Three Beant case life convicts seek parole
Three militants serving life sentence here for role in the 1995 assassination of former Punjab chief minister Beant Singh on Saturday petitioned the UT administration for parole. Initially, Gurmeet Singh (42), Lakhwinder Singh (42) and Shamsher Singh (56), who belong to Patiala district of Punjab and are lodged in the Burail model jail of Chandigarh, had refused to put their signatures on parole applications.chandigarh Updated: Dec 21, 2013 23:52 IST
Three militants serving life sentence here for role in the 1995 assassination of former Punjab chief minister Beant Singh on Saturday petitioned the UT administration for parole.
Initially, Gurmeet Singh (42), Lakhwinder Singh (42) and Shamsher Singh (56), who belong to Patiala district of Punjab and are lodged in the Burail model jail of Chandigarh, had refused to put their signatures on parole applications during a meeting with family and counsels on Friday evening. Instead, they were forcing them to pursue their cases for premature release.
On Saturday, after their counsels advised them again that premature release and parole were in the UT's jurisdiction and not Punjab's and that the only immediate option now was to seek parole, the three life convicts agreed, top government sources have said and a radical leader privy to the developments inside the Burail jail has confirmed.
Now the UT will seek a report from the Patiala district authorities about these inmates, on whether they can be released on parole. It is highly unlikely that the Patiala administration will give an adverse report, keeping in view the Punjab government's attempt to defuse the tension being created by the fast-unto-death of former militant Gurbaksh Singh Khalsa, who has the backing of Sikh radical leaders and beem demanding the release of six former militants.
On Friday, Punjab's jail department acted fast to grant 42-day parole to another former militant, Lal Singh (50), who was sentenced to life imprisonment in 1997 by a Gujarat court under the Terrorist and Disruptive Activities (TADA) Prevention Act. He was in the high-security Nabha jail, and on Saturday at the venue of Khalsa's hunger strike at Gurdwara Amb Sahib in SAS Nagar.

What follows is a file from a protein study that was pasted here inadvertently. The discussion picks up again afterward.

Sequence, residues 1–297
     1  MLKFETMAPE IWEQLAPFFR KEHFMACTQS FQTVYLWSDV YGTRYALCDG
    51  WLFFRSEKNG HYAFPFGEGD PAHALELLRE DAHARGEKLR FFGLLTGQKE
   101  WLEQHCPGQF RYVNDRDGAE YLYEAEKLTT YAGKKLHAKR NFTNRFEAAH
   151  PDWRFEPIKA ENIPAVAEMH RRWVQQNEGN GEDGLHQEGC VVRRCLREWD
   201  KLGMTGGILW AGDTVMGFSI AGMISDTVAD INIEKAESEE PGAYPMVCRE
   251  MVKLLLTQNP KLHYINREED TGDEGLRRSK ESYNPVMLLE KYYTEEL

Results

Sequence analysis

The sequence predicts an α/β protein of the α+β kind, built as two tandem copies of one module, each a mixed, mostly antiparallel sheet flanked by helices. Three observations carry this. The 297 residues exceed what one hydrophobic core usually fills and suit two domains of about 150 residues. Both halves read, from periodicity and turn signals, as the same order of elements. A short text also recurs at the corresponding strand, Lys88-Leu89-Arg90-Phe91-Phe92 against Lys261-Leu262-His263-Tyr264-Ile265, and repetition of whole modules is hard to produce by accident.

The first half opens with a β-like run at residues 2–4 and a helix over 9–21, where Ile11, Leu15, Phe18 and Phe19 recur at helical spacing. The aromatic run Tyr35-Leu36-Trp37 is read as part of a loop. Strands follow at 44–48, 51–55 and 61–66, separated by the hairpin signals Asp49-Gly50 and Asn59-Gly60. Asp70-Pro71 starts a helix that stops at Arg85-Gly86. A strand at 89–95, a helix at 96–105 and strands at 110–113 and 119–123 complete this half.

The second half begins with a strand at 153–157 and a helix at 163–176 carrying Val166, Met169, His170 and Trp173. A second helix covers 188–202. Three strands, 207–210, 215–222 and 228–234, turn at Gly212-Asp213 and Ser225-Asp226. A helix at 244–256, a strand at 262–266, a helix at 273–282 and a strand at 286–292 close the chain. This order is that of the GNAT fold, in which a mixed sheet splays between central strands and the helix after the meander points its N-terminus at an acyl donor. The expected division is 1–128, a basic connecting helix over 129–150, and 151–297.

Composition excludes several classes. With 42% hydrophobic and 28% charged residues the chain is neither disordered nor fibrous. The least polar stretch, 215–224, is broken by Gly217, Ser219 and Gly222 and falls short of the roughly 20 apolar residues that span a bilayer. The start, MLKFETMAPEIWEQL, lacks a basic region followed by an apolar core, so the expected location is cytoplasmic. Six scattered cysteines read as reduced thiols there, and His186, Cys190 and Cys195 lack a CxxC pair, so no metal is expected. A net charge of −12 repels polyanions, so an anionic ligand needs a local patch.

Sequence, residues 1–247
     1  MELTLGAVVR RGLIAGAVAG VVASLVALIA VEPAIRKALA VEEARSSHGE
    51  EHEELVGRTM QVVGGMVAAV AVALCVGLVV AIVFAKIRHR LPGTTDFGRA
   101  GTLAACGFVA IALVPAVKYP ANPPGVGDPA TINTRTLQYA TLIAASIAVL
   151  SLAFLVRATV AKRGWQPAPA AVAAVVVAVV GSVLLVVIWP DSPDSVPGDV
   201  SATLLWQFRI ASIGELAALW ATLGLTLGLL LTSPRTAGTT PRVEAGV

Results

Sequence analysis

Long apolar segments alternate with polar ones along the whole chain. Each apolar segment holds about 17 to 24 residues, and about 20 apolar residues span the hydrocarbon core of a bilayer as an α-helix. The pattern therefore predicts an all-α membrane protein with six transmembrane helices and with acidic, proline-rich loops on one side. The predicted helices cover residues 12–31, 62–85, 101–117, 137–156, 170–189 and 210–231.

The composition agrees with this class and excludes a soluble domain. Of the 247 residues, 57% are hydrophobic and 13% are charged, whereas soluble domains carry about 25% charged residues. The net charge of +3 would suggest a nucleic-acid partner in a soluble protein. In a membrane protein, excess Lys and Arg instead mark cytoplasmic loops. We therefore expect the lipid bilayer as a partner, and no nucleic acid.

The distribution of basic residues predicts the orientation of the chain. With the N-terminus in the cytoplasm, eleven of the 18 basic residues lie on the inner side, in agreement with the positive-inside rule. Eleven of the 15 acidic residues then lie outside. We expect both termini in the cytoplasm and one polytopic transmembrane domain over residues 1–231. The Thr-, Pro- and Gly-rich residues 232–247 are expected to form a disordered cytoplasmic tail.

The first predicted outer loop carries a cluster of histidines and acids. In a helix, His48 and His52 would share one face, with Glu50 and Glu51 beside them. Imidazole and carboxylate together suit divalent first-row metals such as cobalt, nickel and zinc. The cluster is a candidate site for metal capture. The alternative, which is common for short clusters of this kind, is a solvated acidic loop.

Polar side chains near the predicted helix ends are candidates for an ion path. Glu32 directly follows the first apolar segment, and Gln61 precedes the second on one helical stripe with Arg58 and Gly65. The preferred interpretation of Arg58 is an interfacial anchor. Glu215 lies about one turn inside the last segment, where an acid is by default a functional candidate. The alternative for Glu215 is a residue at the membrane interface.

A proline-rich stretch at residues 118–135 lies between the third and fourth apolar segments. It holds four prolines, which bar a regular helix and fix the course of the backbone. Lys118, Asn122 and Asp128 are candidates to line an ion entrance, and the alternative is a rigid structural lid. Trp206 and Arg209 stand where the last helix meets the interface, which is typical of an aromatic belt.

Chief minister Parkash Singh Badal on Saturday spoke with his Karnataka counterpart, Siddaramaiah, about the case of another ex-militant, Gurdeep Singh Khaira (54), is from Jallupur Khaira village of Amritsar district and lodged in Karnataka's Gulbarga jail. Ever since his arrest in December 1990 and the award of life sentence, Khaira has not been released either on bail or parole.
The government sources say the chances of the three former militants' getting lengthy parole are bright, since even the family of slain chief minister Beant Singh has said openly that it will have no objection.
Life imprisonment means till death
Ever since former militant Gurbaksh Singh Khalsa began his fast-unto-death outside Gurdwara Amb Sahib in SAS Nagar, radical leaders have been demanding the release of six former militants serving life sentence. Their argument is that since the militants have been in jail for more than 18 years, their life sentence is over. The law, however, states otherwise.
Under the Supreme Court ruling, unless the life sentence is commuted or remitted, the prisoner is bound to remain in prison for life. "…it is clear that in the absence of subsequent order of remission by the competent government, either based on Section 57 of the Indian Penal Code (IPC) or any other provision of the Criminal Procedure Code, 1973, the life convict cannot be released…," says the ruling.
In their February 2013 ruling, the bench of justices P Sathasivam and Jagdish Singh Khehar held that: "life imprisonment means imprisonment for the entire life subject to the remission power granted under Articles 72 and 161 of the Constitution."
The apex court has clarified that period of imprisonment for life is equivalent to the imprisonment for the entire remaining natural life, unless the competent authority has commuted the sentence.